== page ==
In the last of my three-part series about Dave’s misadventuresafter an afternoon of beer and barbeque at a friend’s, we come to another possible defense Dave may have following his arrest for DUI and a hit and run. To summarize: Dave ran into his neighbor’s car on his way home from the barbeque and fearing that he stood a chance of getting arrested for DUI if he stopped and reported the mishap, he made the decision to go straight home and hope for the best. Perhaps he planned to go tell his neighbor after he sobered up a bit, but it was too late; another neighbor, Millicent, saw the accident and reported it to the police. When the police arrived at Dave’s house, Dave decided to “hide” upstairs and his wife covered for him. The police, suspecting Dave was in the house and that he had been drinking, conducted an unwarranted search of the house after Dave’s wife refused to consent to the search.

In my previous blog, I discussed Dave’s potential defense based on the unlawful search of his house. Even though this presents a strong defense argument, the judge still might not grant Dave’s motion to suppress the search.

Dave has another potential defense: the police never witnessed him driving; they are basing their arrest for DUI on Millicent’s report that she saw him driving. Let’s start with the Penal Code. Section 836 of the Penal Code does not permit an officer to make a warrantless arrest for a misdemeanor unless the misdemeanor took place in the officer’s presence. Dave’s DUI, his first,was a misdemeanor. Does that mean that the officers’ arrest was unlawful under Penal Code Section 836? Well, not always.

Last week I discuss a hypothetical, but realistic, scenario where our driver, Dave, hit a neighbor’s car on the way home after enjoying an afternoon barbeque with friends. Dave had had a few beers so he worried that if he stopped and reported the accident, he might also end up with a DUI.I wouldn’t advise anyone to do what Dave did, but he decided to drive home and avoid the consequences.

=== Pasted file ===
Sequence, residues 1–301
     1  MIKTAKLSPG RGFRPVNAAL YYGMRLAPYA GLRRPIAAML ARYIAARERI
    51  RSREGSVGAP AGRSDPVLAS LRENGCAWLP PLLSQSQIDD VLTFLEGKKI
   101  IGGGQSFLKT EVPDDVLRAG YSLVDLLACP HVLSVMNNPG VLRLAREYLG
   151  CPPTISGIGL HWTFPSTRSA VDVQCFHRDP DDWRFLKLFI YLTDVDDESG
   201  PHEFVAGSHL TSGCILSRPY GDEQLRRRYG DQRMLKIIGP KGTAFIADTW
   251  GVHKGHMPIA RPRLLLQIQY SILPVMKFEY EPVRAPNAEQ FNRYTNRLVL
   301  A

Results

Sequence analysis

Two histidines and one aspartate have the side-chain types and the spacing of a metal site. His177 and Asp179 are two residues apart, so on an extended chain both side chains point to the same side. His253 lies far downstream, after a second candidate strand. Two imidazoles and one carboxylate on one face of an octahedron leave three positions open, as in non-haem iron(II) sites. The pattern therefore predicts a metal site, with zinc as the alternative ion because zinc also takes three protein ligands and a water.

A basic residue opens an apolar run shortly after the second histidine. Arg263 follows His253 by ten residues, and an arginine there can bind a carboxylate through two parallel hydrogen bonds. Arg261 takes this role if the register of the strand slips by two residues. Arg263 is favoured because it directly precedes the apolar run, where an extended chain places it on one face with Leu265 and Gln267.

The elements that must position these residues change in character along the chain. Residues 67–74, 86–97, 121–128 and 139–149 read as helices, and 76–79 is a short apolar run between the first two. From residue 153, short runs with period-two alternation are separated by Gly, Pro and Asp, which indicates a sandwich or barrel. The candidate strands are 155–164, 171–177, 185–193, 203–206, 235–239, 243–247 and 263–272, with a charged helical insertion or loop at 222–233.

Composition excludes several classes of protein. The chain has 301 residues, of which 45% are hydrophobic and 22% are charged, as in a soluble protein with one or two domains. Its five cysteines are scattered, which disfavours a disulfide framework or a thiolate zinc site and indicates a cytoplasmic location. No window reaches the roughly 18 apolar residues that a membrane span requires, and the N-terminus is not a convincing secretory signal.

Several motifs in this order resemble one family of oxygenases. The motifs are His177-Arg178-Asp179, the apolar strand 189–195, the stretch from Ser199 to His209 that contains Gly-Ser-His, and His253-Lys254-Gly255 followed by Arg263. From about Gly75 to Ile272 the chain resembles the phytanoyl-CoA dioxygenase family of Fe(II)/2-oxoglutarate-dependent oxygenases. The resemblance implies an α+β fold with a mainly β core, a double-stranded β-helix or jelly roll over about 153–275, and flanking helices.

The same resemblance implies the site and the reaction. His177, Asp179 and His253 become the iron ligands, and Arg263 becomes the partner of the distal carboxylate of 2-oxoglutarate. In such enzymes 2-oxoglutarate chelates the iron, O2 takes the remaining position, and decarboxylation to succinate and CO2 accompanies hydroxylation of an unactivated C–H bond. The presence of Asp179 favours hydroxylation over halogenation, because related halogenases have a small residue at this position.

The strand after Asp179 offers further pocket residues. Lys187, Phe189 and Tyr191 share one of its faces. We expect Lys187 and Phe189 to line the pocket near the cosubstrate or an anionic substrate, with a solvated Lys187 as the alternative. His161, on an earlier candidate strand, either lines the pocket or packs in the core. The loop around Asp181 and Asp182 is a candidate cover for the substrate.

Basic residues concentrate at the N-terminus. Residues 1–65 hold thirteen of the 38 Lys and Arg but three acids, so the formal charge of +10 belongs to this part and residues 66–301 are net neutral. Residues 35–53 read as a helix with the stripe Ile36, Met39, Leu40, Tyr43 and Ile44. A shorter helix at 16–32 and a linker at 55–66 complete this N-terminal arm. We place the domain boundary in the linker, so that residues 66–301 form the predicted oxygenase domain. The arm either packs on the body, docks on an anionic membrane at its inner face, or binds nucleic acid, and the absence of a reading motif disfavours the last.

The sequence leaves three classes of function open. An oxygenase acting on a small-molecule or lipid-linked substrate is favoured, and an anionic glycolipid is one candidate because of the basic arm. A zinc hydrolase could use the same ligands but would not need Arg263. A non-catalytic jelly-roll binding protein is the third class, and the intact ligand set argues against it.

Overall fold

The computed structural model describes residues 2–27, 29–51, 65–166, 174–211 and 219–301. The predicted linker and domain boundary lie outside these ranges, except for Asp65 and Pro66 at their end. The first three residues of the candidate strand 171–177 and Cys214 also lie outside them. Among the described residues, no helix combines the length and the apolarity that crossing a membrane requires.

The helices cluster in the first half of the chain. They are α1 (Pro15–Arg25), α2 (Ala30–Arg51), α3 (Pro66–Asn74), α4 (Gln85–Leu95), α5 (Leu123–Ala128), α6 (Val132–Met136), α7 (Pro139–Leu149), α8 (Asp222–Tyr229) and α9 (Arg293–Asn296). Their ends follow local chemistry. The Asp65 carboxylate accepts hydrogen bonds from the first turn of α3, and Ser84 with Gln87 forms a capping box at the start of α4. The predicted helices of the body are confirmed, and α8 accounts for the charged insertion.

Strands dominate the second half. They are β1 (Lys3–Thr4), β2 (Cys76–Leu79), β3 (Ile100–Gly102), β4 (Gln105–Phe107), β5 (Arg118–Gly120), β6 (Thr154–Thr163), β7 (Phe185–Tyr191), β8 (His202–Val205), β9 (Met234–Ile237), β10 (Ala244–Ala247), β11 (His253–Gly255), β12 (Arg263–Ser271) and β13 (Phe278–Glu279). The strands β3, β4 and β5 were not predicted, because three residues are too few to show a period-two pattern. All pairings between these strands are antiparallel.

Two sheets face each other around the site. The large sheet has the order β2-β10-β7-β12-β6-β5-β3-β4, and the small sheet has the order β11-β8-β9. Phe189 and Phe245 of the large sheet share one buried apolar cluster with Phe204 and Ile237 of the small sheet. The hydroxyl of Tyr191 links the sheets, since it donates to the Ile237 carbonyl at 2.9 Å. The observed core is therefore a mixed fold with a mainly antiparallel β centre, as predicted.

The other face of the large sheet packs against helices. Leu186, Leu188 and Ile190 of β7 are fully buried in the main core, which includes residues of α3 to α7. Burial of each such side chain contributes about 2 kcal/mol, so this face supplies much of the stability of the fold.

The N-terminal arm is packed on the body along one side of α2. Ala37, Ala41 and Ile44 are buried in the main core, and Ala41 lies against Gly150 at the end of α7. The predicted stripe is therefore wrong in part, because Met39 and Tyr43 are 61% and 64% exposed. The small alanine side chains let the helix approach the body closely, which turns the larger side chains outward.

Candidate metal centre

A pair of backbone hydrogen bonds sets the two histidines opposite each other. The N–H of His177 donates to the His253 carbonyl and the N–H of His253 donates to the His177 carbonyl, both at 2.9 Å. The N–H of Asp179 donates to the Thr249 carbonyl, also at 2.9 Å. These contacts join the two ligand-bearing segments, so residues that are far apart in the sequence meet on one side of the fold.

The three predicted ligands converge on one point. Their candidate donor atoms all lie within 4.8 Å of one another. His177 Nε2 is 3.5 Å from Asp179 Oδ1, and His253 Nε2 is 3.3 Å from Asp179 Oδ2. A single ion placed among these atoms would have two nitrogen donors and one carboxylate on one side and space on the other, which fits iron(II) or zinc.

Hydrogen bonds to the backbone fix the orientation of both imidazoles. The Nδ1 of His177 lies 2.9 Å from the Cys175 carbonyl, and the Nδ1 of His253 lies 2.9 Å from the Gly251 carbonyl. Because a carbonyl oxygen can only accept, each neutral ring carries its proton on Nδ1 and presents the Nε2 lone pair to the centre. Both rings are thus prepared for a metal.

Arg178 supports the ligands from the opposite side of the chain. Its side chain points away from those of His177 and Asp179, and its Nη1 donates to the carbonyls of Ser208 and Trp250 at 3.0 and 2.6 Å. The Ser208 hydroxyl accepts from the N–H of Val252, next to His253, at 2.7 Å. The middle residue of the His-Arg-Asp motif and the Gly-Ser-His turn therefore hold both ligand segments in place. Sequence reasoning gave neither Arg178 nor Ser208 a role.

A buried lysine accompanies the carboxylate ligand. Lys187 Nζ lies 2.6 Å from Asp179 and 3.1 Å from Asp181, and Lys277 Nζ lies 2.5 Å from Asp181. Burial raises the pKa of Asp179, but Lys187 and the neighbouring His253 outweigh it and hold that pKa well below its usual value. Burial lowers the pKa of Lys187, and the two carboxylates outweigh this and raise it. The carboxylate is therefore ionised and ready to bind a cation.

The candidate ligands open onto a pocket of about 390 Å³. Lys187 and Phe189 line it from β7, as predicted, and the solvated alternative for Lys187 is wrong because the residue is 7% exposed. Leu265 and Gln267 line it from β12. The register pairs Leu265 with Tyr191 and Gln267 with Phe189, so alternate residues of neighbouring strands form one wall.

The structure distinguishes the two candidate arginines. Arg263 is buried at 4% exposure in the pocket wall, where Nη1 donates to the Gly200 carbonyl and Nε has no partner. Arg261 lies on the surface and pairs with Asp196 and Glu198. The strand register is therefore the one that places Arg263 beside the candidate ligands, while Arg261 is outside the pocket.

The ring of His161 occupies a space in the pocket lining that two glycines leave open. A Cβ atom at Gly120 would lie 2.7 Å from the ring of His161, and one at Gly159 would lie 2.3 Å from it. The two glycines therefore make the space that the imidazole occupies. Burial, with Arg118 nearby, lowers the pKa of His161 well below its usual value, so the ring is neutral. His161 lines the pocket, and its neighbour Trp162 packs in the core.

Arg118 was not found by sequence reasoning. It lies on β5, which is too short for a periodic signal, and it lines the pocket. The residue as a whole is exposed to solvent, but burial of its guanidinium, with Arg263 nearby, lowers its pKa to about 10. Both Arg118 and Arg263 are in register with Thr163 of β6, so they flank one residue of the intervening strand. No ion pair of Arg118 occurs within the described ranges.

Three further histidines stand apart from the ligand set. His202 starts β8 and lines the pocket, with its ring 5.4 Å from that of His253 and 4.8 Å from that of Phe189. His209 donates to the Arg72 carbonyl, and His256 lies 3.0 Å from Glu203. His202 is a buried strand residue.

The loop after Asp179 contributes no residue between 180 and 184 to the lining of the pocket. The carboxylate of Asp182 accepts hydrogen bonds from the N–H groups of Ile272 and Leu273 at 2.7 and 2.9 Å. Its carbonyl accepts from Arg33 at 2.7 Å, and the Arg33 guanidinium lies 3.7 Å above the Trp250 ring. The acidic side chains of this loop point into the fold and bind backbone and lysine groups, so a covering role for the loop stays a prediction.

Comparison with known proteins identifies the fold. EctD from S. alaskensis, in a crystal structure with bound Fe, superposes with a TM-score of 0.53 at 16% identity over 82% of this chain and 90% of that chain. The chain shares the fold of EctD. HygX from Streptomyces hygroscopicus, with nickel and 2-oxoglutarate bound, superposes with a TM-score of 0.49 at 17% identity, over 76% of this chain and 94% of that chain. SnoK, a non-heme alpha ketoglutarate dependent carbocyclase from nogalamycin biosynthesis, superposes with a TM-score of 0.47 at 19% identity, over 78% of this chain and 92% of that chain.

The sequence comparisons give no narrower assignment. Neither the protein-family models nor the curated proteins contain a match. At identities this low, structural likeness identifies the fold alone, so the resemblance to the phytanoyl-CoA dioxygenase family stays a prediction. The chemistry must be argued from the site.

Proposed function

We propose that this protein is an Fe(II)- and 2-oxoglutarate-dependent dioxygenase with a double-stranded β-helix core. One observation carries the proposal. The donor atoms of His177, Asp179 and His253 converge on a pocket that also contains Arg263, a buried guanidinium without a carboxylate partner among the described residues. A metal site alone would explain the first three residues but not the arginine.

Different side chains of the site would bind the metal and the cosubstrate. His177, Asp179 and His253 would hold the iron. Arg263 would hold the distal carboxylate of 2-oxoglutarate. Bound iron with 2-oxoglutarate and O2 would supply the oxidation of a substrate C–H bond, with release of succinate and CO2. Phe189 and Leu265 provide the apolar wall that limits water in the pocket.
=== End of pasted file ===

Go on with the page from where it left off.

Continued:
Unfortunately for Dave, his neighbor, Millicent, witnessed Dave backing up and driving off after he hit the car. When she saw the damage done to the car and believing she recognized Dave as the culprit, she called the police. When the police arrive, Dave runs upstairs and his wife answered the door. She denied any knowledge of the accident even though there was damage to their car now parked in their driveway that was consistent with the neighbor’s report. Dave’s wife even went so far in her attempts to protect her husband to say that she had just brought the car home after running errands. She denied the police request to search the house. The police, believing that Dave was inside, searched anyway and found Dave. Dave was arrested and later charged with DUI, hit and run, evading arrest, and DUI test refusal. Dave might be in trouble… or maybe not.

If the search of Dave’s house without an arrest was unlawful, the evidence obtained subsequent to the arrest must be suppressed. If the evidence is suppressed, there is no case against him. (The hit and run might survive but the other charges would not.) Was the search unlawful?